Dominican players caught in marriage-for-visa scam
By Nicole Noren and Pedro Gomez
Special to ESPN.com
The small island country of the Dominican Republic is littered with makeshift ballparks, bursting with young boys who have big league dreams.
Rene Oriental was once one of these young kids with big dreams. The 22-year-old grew up playing on a dusty field in the small town of Monte Cristi, where dirt roads abound and electricity runs sporadically. He appeared to be on his way to the big leagues when he signed a $100,000 contract with the Kansas City Royals in 2001. But two years ago, Oriental made a decision that ended up crushing his major league dreams.
A man came to his house with a proposition. Oriental was offered just under $4,000 to marry a stranger and take her to the United States on his baseball work visa. As Oriental recalls, "they tell me that that's fair ... everything is fair for the American Consulate. I believe in that person. I trust in that person."
Former Tampa Bay Devil Rays minor league player Salvador Paredes shares a similar story. After agreeing to accept $4,500 from a man claiming to be a lawyer, he was taken to a nearby town and says he was introduced to his soon-to-be bride just minutes before he exchanged vows with her.
As the players began preparing to travel to the United States for spring training, they headed to the consulate with their new wives to get their work visas in order. But players told ESPN that officials became suspicious after noticing that so many minor leaguers had been married in recent days, and the same witness had been present at many of the shotgun weddings. Oriental, Paredes and numerous other minor league ballplayers were summoned back to the consulate and faced with their worst nightmare -- their visas were permanently canceled and they were banned from setting foot on American soil.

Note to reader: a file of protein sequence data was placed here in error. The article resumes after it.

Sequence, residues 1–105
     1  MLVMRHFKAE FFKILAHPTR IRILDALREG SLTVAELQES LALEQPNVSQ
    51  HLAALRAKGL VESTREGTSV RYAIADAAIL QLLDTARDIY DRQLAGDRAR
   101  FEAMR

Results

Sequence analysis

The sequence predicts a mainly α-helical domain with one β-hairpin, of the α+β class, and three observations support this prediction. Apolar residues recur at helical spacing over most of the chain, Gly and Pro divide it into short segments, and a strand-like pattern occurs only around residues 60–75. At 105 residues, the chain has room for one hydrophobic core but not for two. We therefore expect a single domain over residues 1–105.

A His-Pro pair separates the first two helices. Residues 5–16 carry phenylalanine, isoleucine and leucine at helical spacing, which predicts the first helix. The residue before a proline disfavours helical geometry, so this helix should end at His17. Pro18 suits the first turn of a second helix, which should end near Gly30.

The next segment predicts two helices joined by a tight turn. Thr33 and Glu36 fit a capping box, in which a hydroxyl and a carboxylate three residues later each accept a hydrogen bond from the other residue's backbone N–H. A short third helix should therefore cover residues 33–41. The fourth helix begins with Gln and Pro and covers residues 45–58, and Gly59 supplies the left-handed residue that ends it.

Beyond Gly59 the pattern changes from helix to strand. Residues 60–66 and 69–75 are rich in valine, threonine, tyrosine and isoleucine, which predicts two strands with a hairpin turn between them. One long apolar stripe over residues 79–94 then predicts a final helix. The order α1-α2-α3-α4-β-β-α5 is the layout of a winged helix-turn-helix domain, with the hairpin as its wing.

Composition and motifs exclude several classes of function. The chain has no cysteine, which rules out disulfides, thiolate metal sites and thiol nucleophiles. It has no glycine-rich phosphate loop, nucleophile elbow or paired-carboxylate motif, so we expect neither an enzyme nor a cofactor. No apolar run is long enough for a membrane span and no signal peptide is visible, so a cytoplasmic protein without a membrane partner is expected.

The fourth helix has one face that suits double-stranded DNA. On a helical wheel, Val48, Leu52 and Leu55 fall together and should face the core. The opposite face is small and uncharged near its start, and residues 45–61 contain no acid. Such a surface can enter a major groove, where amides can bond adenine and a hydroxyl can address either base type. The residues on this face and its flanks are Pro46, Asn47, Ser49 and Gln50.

Paredes cried as he recalled that day, and said in Spanish, "My blood pressure dropped. Everything, everything, crumbled, everything I thought, my plans, the major leagues and all that. I thought of my family's future and my future, everything."
An official at the U.S. Embassy in Santo Domingo confirmed to ESPN that a marriage-for-visa fraud was thwarted at the U.S. Consulate in early 2005. While it is State Department policy not to release the names of visa applicants, the official confirmed that at least 15 minor league players and their alleged wives all had their visa privileges permanently revoked on grounds of attempting to smuggle aliens into the United States.
After speaking with numerous players who were caught in this plot, ESPN has confirmed that at least seven major league teams -- the Yankees, Rangers, Orioles, Royals, Devil Rays, Angels and Pirates -- had players nabbed. Sources told ESPN that some of the women, whose whereabouts are unknown, actually made it to the United States before the consulate picked up on the scheme. ESPN also was told that in several instances, the women's families mortgaged their homes to pay for their daughters' sham marriages, and the intermediaries would pocket upwards of $15,000.